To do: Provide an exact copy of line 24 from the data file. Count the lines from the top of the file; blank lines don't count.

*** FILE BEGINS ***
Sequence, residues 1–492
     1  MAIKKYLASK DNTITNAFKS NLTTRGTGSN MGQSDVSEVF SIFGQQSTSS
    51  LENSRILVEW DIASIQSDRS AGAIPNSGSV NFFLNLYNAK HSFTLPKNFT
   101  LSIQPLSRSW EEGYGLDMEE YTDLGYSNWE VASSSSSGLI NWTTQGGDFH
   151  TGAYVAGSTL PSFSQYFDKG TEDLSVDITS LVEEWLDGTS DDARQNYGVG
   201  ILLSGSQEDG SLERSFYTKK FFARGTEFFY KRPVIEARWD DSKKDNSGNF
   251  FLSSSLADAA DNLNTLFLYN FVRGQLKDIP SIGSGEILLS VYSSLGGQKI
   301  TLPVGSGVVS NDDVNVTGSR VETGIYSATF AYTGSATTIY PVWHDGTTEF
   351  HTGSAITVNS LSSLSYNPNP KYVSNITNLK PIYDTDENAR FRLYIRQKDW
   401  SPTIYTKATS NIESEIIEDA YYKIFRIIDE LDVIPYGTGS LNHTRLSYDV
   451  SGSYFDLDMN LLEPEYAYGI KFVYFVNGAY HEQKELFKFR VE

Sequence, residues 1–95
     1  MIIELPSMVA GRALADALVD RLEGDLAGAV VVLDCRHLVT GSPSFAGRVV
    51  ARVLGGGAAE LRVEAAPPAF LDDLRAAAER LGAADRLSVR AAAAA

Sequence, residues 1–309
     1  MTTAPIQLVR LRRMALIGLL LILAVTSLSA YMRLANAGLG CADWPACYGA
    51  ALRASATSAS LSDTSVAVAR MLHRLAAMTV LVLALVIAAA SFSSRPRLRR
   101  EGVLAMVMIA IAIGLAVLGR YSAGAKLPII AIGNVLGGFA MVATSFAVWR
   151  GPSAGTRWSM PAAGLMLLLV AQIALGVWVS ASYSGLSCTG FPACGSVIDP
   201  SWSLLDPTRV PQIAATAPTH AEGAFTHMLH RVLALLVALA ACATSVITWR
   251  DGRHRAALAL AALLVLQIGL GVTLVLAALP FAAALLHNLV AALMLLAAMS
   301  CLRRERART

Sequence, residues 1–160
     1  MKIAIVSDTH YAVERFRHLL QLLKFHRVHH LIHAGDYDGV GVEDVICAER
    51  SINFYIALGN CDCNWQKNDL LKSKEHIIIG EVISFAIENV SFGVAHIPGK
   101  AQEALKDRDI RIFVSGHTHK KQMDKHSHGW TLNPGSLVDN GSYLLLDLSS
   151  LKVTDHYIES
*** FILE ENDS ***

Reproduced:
     1  MKIAIVSDTH YAVERFRHLL QLLKFHRVHH LIHAGDYDGV GVEDVICAER